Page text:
Meet the Data Rescuers: 2

Christopher Tracey
Christopher Tracey. Photo by Lauren B. Collister, licensed CC-BY.

Christopher Tracey is an ecologist and conservation planner whose work depends on datasets like those we’re rescuing today. “I can’t do my work without it–I have a vested interest,” he says. As a bagger at today’s event, he’s just uploaded one of those datasets, a set of EPA information on ambient water quality.

Christopher works on state wildlife action plans, which were federally mandated beginning in 2005 and currently enjoy bipartisan support. These plans are designed to keep species from becoming threatened or endangered, and in Pennsylvania we have 664 animal species that might become threatened or endangered–they range from the birds and mammals you might suspect to nearly 200 species of invertebrates.

Christopher told the hopeful story of the “saddest bird”–a male piping plover (a species that hasn’t reproduced in Pennsylvania since 1954) that spent an entire season at Presque Isle near Erie looking for a mate. The story is hopeful because he attributes the bird’s willingness to remain at Presque Isle to conservation efforts that made the habitat hospitable and may, in future years, mean more piping plovers will make the area their home.

 

 

Miranda Crotsley
Miranda Crotsley. Photo by Lauren B. Collister, licensed CC-BY.

As an environmental educator, Miranda Crotsley cares deeply about preserving scientific data. “One of the fundamental aspects of science is that what you do must be reproducible,” she says. “When you don’t have that data to look back at, the process is broken.”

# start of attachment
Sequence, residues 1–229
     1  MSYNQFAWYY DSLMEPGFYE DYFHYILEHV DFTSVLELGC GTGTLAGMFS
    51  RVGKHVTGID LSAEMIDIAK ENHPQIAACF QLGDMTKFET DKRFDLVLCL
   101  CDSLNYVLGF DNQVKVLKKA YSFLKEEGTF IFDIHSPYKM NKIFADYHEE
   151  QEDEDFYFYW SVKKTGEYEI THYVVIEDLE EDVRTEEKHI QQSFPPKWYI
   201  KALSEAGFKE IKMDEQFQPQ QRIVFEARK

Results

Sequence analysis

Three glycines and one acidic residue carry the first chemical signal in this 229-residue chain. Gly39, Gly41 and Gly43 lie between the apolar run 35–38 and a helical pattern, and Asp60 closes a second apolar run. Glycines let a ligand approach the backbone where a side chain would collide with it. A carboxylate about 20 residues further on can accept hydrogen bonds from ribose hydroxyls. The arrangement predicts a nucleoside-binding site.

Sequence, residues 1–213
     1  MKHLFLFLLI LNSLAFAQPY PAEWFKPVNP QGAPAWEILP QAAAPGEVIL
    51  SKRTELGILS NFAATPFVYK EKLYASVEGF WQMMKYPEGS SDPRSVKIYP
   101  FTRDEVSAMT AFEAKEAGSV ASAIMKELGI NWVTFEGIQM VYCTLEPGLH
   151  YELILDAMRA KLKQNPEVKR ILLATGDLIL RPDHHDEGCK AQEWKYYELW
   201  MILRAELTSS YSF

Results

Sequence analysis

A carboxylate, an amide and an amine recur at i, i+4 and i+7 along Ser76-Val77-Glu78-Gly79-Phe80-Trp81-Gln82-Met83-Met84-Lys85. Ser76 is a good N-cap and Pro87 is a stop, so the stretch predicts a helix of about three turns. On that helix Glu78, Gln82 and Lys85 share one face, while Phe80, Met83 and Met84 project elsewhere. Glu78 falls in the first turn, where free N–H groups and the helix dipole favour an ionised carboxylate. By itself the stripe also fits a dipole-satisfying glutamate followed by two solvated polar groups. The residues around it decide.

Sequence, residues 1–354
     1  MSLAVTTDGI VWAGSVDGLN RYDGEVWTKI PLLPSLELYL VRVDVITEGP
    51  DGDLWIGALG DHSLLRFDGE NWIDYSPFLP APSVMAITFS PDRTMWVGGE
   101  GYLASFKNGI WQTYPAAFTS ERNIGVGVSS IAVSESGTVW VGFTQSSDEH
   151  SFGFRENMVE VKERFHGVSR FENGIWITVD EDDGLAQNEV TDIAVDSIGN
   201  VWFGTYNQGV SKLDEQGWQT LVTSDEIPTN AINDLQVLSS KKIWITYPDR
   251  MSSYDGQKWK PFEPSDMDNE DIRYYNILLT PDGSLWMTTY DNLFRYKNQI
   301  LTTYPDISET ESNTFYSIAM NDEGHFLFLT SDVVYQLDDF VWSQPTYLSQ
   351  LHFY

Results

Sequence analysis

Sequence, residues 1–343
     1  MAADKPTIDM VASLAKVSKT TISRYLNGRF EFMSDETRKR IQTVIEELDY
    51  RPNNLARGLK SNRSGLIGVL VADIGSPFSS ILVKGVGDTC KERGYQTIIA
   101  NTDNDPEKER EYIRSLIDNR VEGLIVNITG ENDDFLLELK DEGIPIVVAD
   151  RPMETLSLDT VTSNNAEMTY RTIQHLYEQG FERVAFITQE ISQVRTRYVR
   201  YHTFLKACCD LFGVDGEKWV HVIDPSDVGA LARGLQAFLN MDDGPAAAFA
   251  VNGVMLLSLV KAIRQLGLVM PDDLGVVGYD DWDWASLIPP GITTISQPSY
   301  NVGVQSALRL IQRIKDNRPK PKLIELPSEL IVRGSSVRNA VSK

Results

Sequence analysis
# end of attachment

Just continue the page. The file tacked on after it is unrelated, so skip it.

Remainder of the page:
In her work at Jennings Environmental Education Center, a Pennsylvania state park, Miranda uses data mainly for managing resources: Jennings has the only protected prairie ecosystem in Pennsylvania, and it is home to the endangered Massasauga rattlesnake. Data–from temperature, to humidity, to counts of animals–is crucial to keeping the prairie healthy. “We need to be able to use data for public land management. If it disappears we won’t be able to do our jobs effectively.”

As a describer, she has just described her first set of data, a series of biennial reports from various countries to the United Nations Framework Convention on Climate Change, which outlines progress made in reducing greenhouse gas emissions, plans for the future, and plans for helping other countries make progress.

Current mood: anticipation.

 

 

Evan Sherwin
Evan Sherwin. Photo by Lauren B. Collister, licensed CC-BY.

Evan Sherwin is a PhD student at Carnegie Mellon University studying Engineering and Public Policy. His work is in energy consumption and its connections to other factors like the weather and income – basically, what factors affect a household’s energy consumption? In particular, he is interested in low income household energy use, in his words, “to make sure that energy is affordable for low income households.”

He uses NOAA weather data and census data to do his work, and it would be “extremely difficult” for him to conduct his research without these datasets. He is thrilled and hopeful that an entire community of people exist who are taking data preservation seriously and is thankful for all the data rescuers for the work that they do.

Current mood: relieved.

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